Work isn’t just a place you go

Author and business contrarian Ian Sanders says work is a mindset, not bricks and mortar

Work isn’t just a place you go

Sometimes, sitting here with my coffee and laptop, working out of a local coffee shop it’s easy to forget that while ‘work’ has changed for so many of us, for many others it’s still the same.

My own work life has changed beyond recognition from its pattern 10 or 12 years ago when I was defined by a job title and the organisation I worked for. Work was a place I went to. Sure, there were business trips, there were mornings working from home, there was some flexibility, but generally accountability was measured by showing up and sitting at a desk. The ones who went home last were seen as the hardest working. How flawed.

Leaving a well-paid job to go independent was not an easy move and it’s certainly not been plain sailing in the 12 years working for myself. But on the plus side, I’ve been able to redefine my business to reflect the real me. Work is now a mindset, not a place I go to. And that trend represents a huge opportunity for entrepreneurship in 2012: all you need to start a business nowadays is a smartphone, an idea, a bunch of contacts and the right attitude. 

Let’s not over-complicate what ‘business’ is – it’s the process of taking an idea and making it happen. In my third book Zoom! The Faster Way To Make Your Business Idea Happen, I wrote about this opportunity – where you can launch and test an idea online in an instant. TV shows such as Dragons’ Den and The Apprentice would have us believe entrepreneurship is chiefly about inventing a product, pitching to investors in a beauty pageant and then getting the money to make it happen. But it doesn’t have to be that way. You can start small, especially if your business idea is a digital product or service that doesn’t need stacks of funding, premises or people on the payroll. Business success can be about keeping it small and profitable, not big and unwieldy.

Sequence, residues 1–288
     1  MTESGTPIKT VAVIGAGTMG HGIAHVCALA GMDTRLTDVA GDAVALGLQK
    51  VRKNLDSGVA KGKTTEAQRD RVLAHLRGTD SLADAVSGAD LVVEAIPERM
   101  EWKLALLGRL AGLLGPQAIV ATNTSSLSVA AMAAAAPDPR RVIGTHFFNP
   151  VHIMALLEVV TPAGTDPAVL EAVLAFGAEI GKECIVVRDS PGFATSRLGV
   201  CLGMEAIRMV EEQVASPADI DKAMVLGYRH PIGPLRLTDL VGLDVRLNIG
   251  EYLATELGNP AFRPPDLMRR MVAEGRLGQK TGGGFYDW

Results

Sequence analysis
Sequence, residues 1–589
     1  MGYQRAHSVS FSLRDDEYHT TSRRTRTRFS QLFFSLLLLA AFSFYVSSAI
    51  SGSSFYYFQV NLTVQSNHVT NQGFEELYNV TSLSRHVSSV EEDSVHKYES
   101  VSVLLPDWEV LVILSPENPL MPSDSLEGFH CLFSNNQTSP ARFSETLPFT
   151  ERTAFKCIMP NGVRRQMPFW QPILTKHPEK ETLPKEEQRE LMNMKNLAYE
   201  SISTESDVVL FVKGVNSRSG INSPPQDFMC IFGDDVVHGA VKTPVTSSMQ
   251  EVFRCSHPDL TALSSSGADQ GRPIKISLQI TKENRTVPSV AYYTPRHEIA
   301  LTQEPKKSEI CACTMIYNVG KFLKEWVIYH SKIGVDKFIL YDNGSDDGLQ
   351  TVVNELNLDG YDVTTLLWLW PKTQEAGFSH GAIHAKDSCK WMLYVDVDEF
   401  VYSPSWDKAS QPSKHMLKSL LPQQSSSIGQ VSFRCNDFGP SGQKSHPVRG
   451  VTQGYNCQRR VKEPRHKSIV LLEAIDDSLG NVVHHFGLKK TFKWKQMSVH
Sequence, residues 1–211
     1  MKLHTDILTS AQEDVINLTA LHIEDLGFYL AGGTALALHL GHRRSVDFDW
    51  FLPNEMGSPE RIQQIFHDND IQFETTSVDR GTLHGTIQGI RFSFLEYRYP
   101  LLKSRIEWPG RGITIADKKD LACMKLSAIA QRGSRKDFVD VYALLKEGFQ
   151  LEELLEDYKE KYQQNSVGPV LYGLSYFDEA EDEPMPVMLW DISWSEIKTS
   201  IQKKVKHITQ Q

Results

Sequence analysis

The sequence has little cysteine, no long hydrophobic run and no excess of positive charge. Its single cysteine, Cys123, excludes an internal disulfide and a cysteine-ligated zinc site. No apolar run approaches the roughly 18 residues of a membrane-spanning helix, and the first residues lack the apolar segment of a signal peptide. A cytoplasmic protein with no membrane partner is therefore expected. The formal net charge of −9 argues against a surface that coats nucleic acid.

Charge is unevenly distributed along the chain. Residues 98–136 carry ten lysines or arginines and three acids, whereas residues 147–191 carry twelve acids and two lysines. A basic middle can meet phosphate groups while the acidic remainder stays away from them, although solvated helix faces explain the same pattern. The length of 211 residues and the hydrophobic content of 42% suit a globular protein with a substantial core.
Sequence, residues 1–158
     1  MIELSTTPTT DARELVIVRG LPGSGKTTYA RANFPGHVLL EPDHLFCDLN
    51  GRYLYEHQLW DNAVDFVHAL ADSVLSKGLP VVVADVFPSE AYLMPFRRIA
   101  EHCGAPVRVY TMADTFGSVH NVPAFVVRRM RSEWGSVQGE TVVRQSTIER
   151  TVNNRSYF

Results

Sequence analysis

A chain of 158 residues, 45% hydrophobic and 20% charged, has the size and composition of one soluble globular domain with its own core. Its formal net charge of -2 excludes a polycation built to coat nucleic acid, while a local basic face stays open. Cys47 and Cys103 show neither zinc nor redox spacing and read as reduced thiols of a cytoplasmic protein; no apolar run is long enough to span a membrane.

The difference between success and failure is – of course – about hard work and getting down to the nitty gritty, getting your hands dirty. You want an example of entrepreneurship? Whatever the title sequences of Dragons’ Den and The Apprentice might convey, being an entrepreneur is not about wearing a designer suit or a smart skirt and flying off in a private jet or being driven around in a posh car. It’s about having the balls to turn your idea into a business. 

I’d prefer to look closer to home for an example of entrepreneurship at its finest – people like Simon Barlow and Ash Fields, the two guys who run my local coffee shop (disclosure: I’m running on their caffeine and WiFi right now). They had a dream to stop working for other people and start their own café. And today they’re doing it: working long hours, six and seven days a week. They pulled it off; they have their names above the door (quite literally, as it’s called Barlow & Fields). That is what business success is about – keeping your head above water and retaining customers when there’s 20 competitors in a square mile radius.

So if you’re struggling to live up to someone else’s ideas of business success, rethink your approach. Success is all about the right mindset and confidence to grab opportunities, shape a work life that suits you and create a product or service that makes a difference, that solves a problem, that has a purpose in life. Mindset is what will deliver the productivity you need, the attention to detail, the passion, the customer service. You can’t fake it – you either have it or don’t. 

Ian Sanders
Ian Sanders

Share via
Copy link